The food, most of which will be only slightly past its sell-by date, will be sold at heavily discounted prices in underserved cities. Rauch hopes the affordable prices will encourage people to replace their five-dollar fast food with real, nutritious fruits and vegetables.
The first market will open early next year in Dorchester, Mass., and will offer prepared and repackaged food that gets thrown out, mostly due to confusing expiration dates.
Many people see the sell-by date on produce as the be-all and end-all of food safety. So many, in fact, that about 40 percent of perfectly edible food gets thrown away each year in the United States.
Rauch is on a mission to stop this colossal waste, which yields nearly a billion dollar price tag for disposal every year. His quest is manifest in his project called the Daily Table.
The idea is to save and repurpose some of that 40 percent of food–the equivalent of $165 billion each year– that would otherwise end up in a landfill, only to rot and emit methane, a dangerous greenhouse gas. The majority of the food makes its way to landfills due to the issue of expiration dates or, worse, because it doesn’t look exactly “right,” meaning that it has an odd size or shape, or a few bruises.
When asked on NPR if he’s concerned about getting people to buy produce that’s past due, Rauch mentions that food banks have been doing the same thing for years. Many food auctions, salvage stores and “shelters” have also popped up as people become more aware of unnecessary food waste that could feed the poor and the starving. Not to mention the havoc wrecked on our environment.
But some say Rauch’s idea, while noble, is not original. Birch Bricker, in response to NPR’s article, said, “This idea has been around for a while. Check out ‘Food Not Bombs.’ It’s typical for a large company to steal a good idea from a smaller group.”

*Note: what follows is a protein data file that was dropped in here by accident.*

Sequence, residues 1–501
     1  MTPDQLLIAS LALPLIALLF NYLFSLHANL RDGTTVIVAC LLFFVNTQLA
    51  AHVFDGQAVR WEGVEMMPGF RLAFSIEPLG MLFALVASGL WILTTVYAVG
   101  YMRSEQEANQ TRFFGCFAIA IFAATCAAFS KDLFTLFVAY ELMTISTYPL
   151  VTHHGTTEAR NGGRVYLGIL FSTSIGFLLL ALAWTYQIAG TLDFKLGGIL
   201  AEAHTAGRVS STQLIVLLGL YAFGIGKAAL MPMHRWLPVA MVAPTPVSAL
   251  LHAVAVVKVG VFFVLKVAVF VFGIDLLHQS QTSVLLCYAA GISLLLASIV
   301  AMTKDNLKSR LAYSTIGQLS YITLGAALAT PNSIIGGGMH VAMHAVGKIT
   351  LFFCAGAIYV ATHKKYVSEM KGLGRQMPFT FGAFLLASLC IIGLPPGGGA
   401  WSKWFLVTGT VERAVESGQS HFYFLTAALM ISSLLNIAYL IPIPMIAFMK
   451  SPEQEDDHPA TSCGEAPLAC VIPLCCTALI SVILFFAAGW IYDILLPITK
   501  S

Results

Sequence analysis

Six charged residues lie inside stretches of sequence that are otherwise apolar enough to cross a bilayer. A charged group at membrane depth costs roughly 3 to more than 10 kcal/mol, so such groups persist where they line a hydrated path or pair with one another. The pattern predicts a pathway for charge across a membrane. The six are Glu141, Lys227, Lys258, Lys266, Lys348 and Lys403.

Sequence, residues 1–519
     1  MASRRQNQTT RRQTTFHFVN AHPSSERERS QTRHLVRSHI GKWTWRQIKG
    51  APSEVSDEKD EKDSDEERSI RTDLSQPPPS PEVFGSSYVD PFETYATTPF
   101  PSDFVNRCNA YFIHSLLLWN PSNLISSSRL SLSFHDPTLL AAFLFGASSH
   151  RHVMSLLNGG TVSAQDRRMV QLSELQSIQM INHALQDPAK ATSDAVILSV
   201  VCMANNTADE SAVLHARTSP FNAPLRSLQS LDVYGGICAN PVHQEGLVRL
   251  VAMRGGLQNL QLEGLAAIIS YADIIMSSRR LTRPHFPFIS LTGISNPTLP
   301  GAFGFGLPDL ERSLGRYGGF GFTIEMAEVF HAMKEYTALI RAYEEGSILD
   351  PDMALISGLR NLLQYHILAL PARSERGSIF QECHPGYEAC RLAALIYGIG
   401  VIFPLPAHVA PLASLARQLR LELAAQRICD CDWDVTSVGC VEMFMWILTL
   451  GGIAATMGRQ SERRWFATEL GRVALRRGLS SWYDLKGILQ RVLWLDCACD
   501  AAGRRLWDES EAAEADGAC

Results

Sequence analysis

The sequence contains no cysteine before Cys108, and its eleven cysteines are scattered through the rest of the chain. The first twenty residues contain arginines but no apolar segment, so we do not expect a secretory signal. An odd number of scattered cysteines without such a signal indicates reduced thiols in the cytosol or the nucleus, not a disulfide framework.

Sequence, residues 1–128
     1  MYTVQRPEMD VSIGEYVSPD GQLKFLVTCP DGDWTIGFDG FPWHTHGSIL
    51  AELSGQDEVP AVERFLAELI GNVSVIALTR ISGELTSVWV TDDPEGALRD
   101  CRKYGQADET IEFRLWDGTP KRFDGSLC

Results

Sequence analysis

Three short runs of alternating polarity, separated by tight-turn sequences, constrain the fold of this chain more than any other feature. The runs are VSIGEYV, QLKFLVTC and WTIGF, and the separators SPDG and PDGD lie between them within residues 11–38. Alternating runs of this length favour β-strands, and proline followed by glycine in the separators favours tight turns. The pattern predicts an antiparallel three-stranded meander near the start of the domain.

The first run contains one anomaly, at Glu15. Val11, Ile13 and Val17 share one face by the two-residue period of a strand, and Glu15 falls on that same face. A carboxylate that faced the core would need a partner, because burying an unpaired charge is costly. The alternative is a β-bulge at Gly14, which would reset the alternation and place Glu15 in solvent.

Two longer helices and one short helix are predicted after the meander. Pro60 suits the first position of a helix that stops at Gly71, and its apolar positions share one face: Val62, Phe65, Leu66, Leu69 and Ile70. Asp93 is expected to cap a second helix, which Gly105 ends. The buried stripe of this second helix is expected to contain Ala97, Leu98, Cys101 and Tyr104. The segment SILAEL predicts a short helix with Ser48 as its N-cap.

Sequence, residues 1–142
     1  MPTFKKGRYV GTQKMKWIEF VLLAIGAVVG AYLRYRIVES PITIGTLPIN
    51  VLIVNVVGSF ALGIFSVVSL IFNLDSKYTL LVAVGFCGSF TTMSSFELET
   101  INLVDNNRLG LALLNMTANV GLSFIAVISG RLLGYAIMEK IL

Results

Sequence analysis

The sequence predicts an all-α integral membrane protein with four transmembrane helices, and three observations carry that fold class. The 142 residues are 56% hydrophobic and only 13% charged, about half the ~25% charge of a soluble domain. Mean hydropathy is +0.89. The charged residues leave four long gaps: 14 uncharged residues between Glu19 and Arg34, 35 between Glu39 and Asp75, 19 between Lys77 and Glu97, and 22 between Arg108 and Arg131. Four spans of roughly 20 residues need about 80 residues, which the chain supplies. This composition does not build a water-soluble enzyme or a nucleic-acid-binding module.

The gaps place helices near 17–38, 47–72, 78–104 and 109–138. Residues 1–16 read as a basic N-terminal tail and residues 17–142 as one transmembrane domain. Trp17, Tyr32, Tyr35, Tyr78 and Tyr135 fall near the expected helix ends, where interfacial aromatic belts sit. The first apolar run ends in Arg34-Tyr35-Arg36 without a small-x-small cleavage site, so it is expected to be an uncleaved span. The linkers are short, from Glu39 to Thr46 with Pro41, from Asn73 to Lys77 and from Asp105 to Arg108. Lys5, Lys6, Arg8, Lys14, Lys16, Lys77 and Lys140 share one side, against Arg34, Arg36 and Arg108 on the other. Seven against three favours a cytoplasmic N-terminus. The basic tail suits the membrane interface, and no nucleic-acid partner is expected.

Food Not Bombs is a volunteer movement that gives free vegan meals to protest war, poverty, and surplus food that goes to waste. Curiously, Food Not Bombs was founded in Massachusetts, the same state Rauch plans to open his market. Food Not Bombs is a different concept than Rauch’s Daily Table, but both are out to solve the same problems of hunger and waste. Food Not Bombs collects unused food from grocery stores, bakeries, markets and local farmers.
Freegans, on the other hand, get their food straight from dumpsters. Freegans are regarded as an anti-consumerist subculture that subsists only on salvaged goods. Also called “dumpster divers,” they go foraging for free food in dumpsters. Some of their finds are still in pristine condition, thrown away by supermarkets and restaurants because of approaching sell-by dates, or damaged packaging and cosmetic flaws.
While Rauch’s Daily Table is not so extreme, at the end of the day, these movements represent innovative solutions that are being put forth to stop the careless squandering of food and teach citizens to make better food choices.
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